For me, it has been always a challenge to call Emkan, a gallery. We have deliberately tried to call it Emkan and not more or less because things we do and how we do them can go beyond a gallery. The most important thing is this “program” that you are asking about. Running Emkan is somehow democratic. All the decisions are made through dialogues between me, artists, team members and friends and because of that I always say “we”.
Our focus is on Iran’s contemporary art but we don’t oppose working with non-Iranian artists – we have worked with a couple of European artists in our new space. We also don’t have solid criteria for age, medium or experience of the artists we work with. That is maybe the reason why Emkan is more like a curatorial project than a gallery. Our taste in art has been shaped over time and the artists who fit into it are welcomed in our space. That is the reason why there is somehow a connection between the arts our artists do. We tried to highlight traces of Iran’s contemporary art scene which we think had been fully or partly neglected or were continuing their existence through individual or isolated movements and maybe this helped them to attract more attention and to be received better. Regarding younger artists, I regularly visit studios and go to art universities to find serious artists to include in our program but also it is always a learning process for me too. I really learn a lot from young artists and what they bring to Emkan and the sensitive way that they monitor, criticize or evaluate our shows and activities is very valuable for me.
Another significant part of our program is keeping up a conversation with art world outside Iran. We want to show those trends mainly appreciated as Iranian art in West are not the only ones here inside Iran and there is an esteemed and important part of Iranian contemporary art which is not that much introduced. Aiming at this, we have plans of holding exhibitions and talks outside Iran, publishing art books and so on.
What does it mean to run a gallery in Iran?
In Iran, we don’t have such things like nonprofit organizations or independent foundations with the same structure of constitutions as Western countries. You must be financially capable and secure to run somewhere without counting on making profit or having income; or you must work under government’s support and supervision which has its own limitations and problems. Of course there is one or two experimental spaces here trying to manage with the funds they get from institutes outside Iran but it is not a feasible alternative for us. We have a certain taste and approach for our space and it is salient for us to stick to it all the way. So the only possible way for us to cover the expenses of rent, our team’s salary and most importantly to work with our group of artists or in other words to survive, is selling artworks which is our main income although it is not as considerable as a usual commercial gallery because we only sell artworks of the artists we are working with. I mean unlike many other commercial galleries we rarely deal art. So far we have not attended any fairs or collaborated with auctions.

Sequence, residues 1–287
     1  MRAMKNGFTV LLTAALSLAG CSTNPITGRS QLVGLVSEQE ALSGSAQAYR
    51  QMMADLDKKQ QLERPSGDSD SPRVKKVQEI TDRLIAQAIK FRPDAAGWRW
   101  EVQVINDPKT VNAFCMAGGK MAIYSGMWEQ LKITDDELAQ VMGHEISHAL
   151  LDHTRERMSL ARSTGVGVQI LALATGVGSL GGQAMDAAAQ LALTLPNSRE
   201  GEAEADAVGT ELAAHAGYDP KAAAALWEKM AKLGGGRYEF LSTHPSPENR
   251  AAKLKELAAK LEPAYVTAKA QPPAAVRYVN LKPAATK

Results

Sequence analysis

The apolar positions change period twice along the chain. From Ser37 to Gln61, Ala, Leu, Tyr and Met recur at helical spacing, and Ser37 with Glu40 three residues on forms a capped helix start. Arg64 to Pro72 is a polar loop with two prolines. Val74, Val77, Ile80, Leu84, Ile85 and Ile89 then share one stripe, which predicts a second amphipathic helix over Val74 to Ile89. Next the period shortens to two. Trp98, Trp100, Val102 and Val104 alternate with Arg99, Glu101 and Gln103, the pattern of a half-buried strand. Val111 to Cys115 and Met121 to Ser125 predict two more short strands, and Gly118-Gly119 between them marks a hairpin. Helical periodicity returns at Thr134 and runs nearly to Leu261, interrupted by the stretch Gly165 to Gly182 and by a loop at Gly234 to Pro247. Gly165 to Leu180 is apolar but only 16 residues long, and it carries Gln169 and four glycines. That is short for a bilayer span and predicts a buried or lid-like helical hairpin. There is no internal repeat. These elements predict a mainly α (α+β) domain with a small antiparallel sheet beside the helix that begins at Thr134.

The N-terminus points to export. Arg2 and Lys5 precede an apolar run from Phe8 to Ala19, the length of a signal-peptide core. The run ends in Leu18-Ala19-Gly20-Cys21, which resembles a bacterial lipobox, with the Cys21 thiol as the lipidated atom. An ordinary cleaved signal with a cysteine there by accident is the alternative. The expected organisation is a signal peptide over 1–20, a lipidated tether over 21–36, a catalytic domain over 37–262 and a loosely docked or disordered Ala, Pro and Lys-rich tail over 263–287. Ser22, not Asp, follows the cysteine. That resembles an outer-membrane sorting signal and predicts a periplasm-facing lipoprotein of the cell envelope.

How do you combine your work as a gallerist and as a curator?
As I mentioned earlier, Emkan is more like a curatorial project for me and these two curating and owning a gallery – are not that much separable for me. I do some curatorial projects outside the gallery. Last year I curated a small show in Berlin and also I have done a couple of shows outside my own space in Tehran. They have been very good experiences. They are all about Emkan again. Curatorial projects should be related to Emkan’s taste. It helps me to learn how to curate a bigger space and how to increase my flexibility. By curating projects outside our usual space, I can experience working with other artists and at the same time seeing Emkan from an outsider point of view.
Can you tell us about Tehran’s art scene and art market?
Tehran’s art scene seems to be very flourishing from outside, having more than 100 galleries which are increasing day by day with an insane rate. But if you look closely there are at best 15 or 20 galleries working specifically on contemporary art at a professional level. By the way, it is a very dynamic atmosphere. It has some serious persistent audiences and we have three or for professional journals. I must add that a couple of new art magazines have been opened in recent months. It all shows there is something considerable going on here.
Besides, I don’t deny the fact that the market has been improved in recent years with more local and international collectors, fairs, auctions, etc. – all of them have their shortcomings but it is not the time and place to talk about it. Sanctions and political issues also have their own effects. Anyway, there is always a complicated relationship between art and market around the world and I hope the atmosphere becomes more open in favor of independent activities.
Who are the artists that you are working with at the moment? What do they do?
I work with a variety of artists in sense of age and experience. As I said their work include different mediums. Our current show is Ghazaleh Hedayat’s new series. She is one of the most noticeable Iranian photographers whose work goes beyond photography at some levels. The next one will be Maryam Espandi, who experiments different mediums and the other artist which will soon have her next exhibition at Emkan is Shahla Hosseini.
If you would have given three wishes, what would you wish for your gallery?
- To be able to survive in current difficult situation and to deepen our project and broaden our horizons.
- To be in a more open atmosphere and to be faced with more and more serious artists and audiences.
- To go beyond Iran’s art scene in a more systematic way so that there will be a permanent, fruitful dialogue between us and art scene around the world.